Fuel & Fuel Oil Link to homepage.

Introduction

Though handling fuel oils are not necessarily "challenging," the reliable handling of fuel oils is critical for heating and transportation systems.  Rotary pumps are an excellent means of loading/unloading, transfer, and circulating fuel oil. As the following table shows, application details vary widely.

Capacities: .23 to 230+ M3/H 1 to 1,000+ GPM
Pressures: 1.75 to 175 BAR 25 to 250 PSI
Viscosities: 6.6 to 1,650 cSt 30 to 7,500 SSU
Temperatures: Outdoor ambient to 120C Outdoor ambient to 250F

Pump configurations will also vary from application to application. For example, pump options may include relief valves, mechanical seals, steel-fitted construction, carbon bushings, and jacketing to name a few. Drives may vary as well, from direct drives to gear reducers or V-belts.

Typical dual-pump set up for transferring No. 2 fuel oil.

Slower speeds, lower pressures, and materials designed for the anticipated temperature will pay off in longer trouble-free service, even if oil properties vary from those originally anticipated. Simple do's and don'ts of oil fuel pumping include:

Do's and Don'ts

Don'ts

Installing a vacuum gauge and a pressure gauge on or near the pump will also help lengthen service life. Gauges provide a window into what is happening inside the pumping system. Properly interpreted readings can give clues to the nature of many problems. Long-term readings will show gradual changes taking place within the system.

Typical large capacity No. 6 fuel oil unloading installation.

Given the availability of certain fuels at any particular time, many fuel oil systems now accommodate No. 2 through No. 6 fuel oils. Each fuel oil differs slightly in properties and these differences place unique demands on the system.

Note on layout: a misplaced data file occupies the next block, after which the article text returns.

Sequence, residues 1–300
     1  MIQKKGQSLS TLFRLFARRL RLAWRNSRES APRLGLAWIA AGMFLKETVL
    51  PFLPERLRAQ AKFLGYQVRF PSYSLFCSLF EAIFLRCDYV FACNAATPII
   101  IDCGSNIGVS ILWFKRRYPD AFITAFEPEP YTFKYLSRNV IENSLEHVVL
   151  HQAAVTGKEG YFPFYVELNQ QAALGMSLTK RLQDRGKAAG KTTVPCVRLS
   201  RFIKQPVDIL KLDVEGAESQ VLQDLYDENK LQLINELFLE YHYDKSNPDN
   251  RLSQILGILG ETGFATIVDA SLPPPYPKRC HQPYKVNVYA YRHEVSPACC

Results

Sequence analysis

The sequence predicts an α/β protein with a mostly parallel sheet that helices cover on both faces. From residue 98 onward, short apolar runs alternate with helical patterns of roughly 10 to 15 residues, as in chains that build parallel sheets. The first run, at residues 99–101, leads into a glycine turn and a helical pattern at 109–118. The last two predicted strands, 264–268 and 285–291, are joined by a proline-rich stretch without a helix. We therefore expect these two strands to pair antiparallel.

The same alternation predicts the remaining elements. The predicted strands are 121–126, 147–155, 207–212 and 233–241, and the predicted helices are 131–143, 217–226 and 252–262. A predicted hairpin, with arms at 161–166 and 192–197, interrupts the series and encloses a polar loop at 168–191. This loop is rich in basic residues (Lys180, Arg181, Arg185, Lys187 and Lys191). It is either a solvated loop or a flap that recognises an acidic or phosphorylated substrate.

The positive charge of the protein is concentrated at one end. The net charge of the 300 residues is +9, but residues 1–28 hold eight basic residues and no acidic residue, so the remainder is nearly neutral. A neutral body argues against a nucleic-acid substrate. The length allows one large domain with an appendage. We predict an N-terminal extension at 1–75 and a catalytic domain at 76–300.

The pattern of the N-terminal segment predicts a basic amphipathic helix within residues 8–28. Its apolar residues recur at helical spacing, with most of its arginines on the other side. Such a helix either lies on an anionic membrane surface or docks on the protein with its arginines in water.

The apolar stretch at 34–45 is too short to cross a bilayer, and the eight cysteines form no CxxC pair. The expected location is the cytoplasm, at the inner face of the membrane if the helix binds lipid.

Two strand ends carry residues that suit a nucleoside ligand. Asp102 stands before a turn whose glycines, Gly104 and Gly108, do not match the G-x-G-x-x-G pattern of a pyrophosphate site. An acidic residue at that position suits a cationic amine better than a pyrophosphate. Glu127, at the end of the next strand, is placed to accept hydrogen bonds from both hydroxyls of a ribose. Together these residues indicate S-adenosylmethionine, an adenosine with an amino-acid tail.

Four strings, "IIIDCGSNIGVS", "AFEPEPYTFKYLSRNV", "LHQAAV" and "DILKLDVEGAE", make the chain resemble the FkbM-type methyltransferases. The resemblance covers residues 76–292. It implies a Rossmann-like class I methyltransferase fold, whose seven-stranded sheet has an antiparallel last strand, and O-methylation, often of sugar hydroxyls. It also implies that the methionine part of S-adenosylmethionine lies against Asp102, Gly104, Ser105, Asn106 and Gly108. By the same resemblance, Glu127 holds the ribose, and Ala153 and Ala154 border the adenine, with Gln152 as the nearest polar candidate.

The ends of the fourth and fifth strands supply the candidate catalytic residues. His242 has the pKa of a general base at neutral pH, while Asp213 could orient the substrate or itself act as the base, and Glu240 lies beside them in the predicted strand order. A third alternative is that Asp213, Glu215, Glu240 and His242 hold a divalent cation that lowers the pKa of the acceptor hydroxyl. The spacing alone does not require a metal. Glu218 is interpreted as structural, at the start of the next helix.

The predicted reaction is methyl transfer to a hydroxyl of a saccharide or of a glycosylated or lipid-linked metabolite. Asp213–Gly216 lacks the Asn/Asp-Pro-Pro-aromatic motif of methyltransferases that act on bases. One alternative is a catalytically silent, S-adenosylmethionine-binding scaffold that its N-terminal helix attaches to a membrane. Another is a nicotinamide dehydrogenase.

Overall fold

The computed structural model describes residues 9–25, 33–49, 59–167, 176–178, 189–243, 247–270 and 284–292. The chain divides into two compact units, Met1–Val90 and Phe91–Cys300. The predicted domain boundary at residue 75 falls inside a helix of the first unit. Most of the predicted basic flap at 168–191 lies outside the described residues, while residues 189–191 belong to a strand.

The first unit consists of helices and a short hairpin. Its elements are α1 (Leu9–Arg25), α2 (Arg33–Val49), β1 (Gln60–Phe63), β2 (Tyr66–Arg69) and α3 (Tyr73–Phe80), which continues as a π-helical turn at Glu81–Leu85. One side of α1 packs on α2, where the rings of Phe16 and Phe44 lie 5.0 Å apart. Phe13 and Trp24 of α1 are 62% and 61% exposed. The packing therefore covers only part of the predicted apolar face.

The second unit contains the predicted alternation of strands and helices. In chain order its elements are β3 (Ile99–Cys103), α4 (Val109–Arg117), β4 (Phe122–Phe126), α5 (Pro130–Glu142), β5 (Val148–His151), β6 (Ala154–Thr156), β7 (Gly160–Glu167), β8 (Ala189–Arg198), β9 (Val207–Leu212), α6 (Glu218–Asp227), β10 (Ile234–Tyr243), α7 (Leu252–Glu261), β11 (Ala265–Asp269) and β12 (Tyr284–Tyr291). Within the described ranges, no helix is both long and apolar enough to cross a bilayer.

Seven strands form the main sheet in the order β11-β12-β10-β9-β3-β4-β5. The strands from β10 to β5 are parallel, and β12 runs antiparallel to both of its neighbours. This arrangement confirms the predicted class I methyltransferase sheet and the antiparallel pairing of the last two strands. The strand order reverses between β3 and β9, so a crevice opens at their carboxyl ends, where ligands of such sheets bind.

Viscosity

Temperature

Lift

Lift is the vertical distance from liquid level to pump port.

Strainer

A strainer prevent solids from entering the pump.

Pump

Overpressure Protection

Any PD pump should have overpressure protection. That is, there should be some provision in the system or drive to protect the pump and piping from excessive pressures in case of unintentional closing of the discharge line.

Some manufacturers include relief valves as standard equipment on heavy duty pumps. Moreover, a second pressure relief valve is mounted in the line set at a lower pressure than the one on the pump. This keeps the pump-mounted valve from bypassing except in extreme emergencies. Continual bypassing of the pump-mounted valve can cause heat buildup, vapor bubbles, and a potentially dangerous situation.

Mount inline pressure relief valves near the pump. Significant pressure drops may result if the valves are far away from the pump. Also bear in mind that a small return line from the valve may have a significant pressure drop which adds to the differential pressure across the valve.

Suction Line Size & Suction Check Valve Location

If the pump is below the storage tank, suction line size on either a No. 2 or No. 6 fuel oil system is not a problem as long as calculations indicate the vacuum condition at the pump will not exceed 15" Hg. Even with a "flooded" suction (a liquid above the level of the pump) it is possible to pull a vacuum at the pump if the pipe friction losses exceed the suction head pressure.

With the pump above suction lift, the liquid level in an underground storage tank, the suction line size for handling No. 2 fuel oil should at least equal the port size of the pump. Lift and line loss calculations will indicate if the next size larger is necessary.

 



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